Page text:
A summer of space
This summer, space experts and professionals from across the globe will be gathering in the Netherlands for the 31st annual International Space University (ISU) Space Studies Programme (SSP). The Netherlands Space Office, in collaboration with TU Delft, Leiden University and the European Space Agency, will be hosting this prestigious event from 25 June to 24 August.
A one of a kind programme
Founded in 1988, the Space Studies Program (SSP) is a nine-week graduate level professional development programme held in a different country each year. This year the programme will take place at different locations across the Netherlands, with a significant portion being held at the Faculty of Aerospace Engineering. The interdisciplinary curriculum covers both technical and non-technical space related fields, including policy and law, business and management, engineering, physical sciences and space applications.
Around 140 participants, the largest group to date, are expected to attend and will be housed on campus at TU Delft. “Most of the teaching and project work during the first weeks will take place here at the faculty,” said Ineke Boneschansker, communications manager for the Faculty of Aerospace Engineering and a member of the local organising committee. “So people who work here or study here and are around during the summer will get to experience the energy that it brings.”
Learning from a wide range of experts
The SSU programme is intensive and gives participants a broad experience including various lectures, group projects and visits to industry. According to Boneschansker, about 225 lecturers are brought in from all over the world. “These are really interesting people,” she said. “They are astronauts from NASA, space entrepreneurs, artists, science fiction writers, film makers and directors, but also doctors and space law people. There are all these disciplines that we don’t have in house and they will all be here teaching. I think that’s fantastic.”
One of those lecturers is TU Delft’s own Dr. Daphne Stam, Associate Professor of Planetary Sciences. She said it is an honour to be invited to give a core lecture about solar system planets and exoplanets and it’s also a benefit to the faculty. “The space department at aerospace has been growing during the last years, partly because of the increased interest in space due to commercial companies, for example Elon Musk launching his Tesla into space,” she said. “We already have quite a good reputation internationally, but I think by hosting this we put ourselves on the map.” She also noted that this event is helping to build and strengthen collaborations, especially with the astronomers in Leiden.
Something for everyone
Luckily, it’s not just SSP participants who get to benefit from the summer programme. Local organisers have also launched the Sizzling Summer of Space with numerous activities all open to the public. Events for space enthusiasts of all ages will be taking place in the cities of Delft, Leiden, The Hague and Noordwijk. “I know that people are busy and it’s a summer holiday period, but this is going to be really special and it’s worth it,” said Boneschansker.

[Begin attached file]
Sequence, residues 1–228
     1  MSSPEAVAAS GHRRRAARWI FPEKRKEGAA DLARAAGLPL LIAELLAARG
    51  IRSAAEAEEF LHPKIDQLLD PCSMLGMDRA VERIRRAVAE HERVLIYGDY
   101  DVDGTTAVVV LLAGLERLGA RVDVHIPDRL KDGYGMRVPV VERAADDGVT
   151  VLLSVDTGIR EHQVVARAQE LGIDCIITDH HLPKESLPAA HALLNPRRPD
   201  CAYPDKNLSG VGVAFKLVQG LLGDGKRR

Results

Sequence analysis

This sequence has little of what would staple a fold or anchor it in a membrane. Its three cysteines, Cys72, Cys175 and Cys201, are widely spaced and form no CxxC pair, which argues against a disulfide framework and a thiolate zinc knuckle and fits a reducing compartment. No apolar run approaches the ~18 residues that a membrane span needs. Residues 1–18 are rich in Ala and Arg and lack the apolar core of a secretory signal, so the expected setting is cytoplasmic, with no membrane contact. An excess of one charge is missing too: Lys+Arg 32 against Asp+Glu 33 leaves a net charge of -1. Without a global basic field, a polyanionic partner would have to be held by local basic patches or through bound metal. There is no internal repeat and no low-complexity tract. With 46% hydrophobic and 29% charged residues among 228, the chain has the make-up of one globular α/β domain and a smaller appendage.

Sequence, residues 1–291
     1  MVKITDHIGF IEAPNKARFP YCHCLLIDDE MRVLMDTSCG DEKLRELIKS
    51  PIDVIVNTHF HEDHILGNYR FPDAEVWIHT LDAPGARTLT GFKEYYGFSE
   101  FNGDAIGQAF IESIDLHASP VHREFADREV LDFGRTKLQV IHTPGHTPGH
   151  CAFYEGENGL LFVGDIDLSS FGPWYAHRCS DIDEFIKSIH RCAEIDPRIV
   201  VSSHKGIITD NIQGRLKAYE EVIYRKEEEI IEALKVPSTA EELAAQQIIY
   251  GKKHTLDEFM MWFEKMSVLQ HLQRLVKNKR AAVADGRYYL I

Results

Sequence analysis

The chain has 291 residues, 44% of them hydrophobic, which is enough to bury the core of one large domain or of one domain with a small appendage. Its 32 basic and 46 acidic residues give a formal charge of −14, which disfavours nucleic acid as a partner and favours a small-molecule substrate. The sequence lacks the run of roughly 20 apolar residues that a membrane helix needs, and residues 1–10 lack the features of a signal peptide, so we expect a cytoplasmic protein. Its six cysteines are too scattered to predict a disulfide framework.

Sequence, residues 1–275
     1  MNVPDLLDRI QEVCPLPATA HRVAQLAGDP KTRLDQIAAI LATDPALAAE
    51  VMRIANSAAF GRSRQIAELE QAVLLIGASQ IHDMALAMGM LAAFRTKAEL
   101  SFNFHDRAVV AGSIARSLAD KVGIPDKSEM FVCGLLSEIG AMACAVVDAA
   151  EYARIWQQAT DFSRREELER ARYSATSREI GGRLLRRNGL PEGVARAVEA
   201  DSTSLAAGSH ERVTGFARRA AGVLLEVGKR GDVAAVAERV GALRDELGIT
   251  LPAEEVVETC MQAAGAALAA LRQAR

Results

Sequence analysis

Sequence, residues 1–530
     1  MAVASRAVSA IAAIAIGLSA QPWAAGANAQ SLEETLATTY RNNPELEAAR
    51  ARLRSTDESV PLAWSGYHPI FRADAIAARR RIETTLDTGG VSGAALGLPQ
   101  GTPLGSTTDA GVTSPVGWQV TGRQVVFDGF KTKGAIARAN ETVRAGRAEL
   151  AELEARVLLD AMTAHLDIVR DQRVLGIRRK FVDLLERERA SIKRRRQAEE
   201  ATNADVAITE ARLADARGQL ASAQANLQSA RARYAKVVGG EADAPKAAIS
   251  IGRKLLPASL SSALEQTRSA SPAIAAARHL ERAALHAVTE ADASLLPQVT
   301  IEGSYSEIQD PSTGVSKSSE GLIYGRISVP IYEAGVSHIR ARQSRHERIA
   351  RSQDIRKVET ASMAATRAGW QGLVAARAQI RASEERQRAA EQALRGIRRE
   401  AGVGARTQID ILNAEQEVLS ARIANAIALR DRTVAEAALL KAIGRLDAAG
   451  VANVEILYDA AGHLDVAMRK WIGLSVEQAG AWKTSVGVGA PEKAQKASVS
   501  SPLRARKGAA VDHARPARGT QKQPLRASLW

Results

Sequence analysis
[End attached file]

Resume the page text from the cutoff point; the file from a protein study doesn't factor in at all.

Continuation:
And there really is something for everyone. Activities include exhibits throughout the summer at the Delft central library entitled The Afterlife of Satellites and Food for Mars. On 26 June, former NASA astronaut Jeff Hoffman will give a lecture about his five space missions, including his work to repair the Hubble space telescope. The Science Centre will host an event on 30 June for Asteroid Day, a day organised to raise awareness about asteroids. And local film house Lumen is hosting the Unlimited Space Film Festival with screenings such as the documentary Orphans of Apollo on 12 July, introduced by the director Michael Potter.
You can also visit the Science Café on 5 July at the central library in The Hague, where three scientists will give short, but inspiring lectures sharing the latest insights into their fields. And on 10 July, Pete Worden of Breakthrough Initiatives will be giving a lecture about the Starships project. And of particular interest is a unique robot building competition. As part of their coursework, SSP participants will be building and programming Lego robot landers. Students from local schools are also taking on the challenge and the adults and youngsters will compete against each other at the grand finale on 14 July, with astronaut Andre Kuipers in attendance. These are just a few of the many upcoming events, but for a detailed schedule and full descriptions click here.
An opportunity not to be missed
It is indeed a unique opportunity for the Faculty of Aerospace Engineering and the local community to be involved with both the SSP and the Sizzling Summer of Space. “It will make the faculty visible as an essential partner in the Dutch space sector,” said Boneschansker, “and it will make us visible to the international space world.” But it is also a chance to show what the aerospace faculty does to the general public. With that in mind, Boneschansker thinks everyone should try and take part. “This is so big we will probably never do it again at the faculty and it would be a shame if people don’t benefit from it,” she said. “Try to join the public events and take your family. Support your colleagues who are a part of this and be visible.”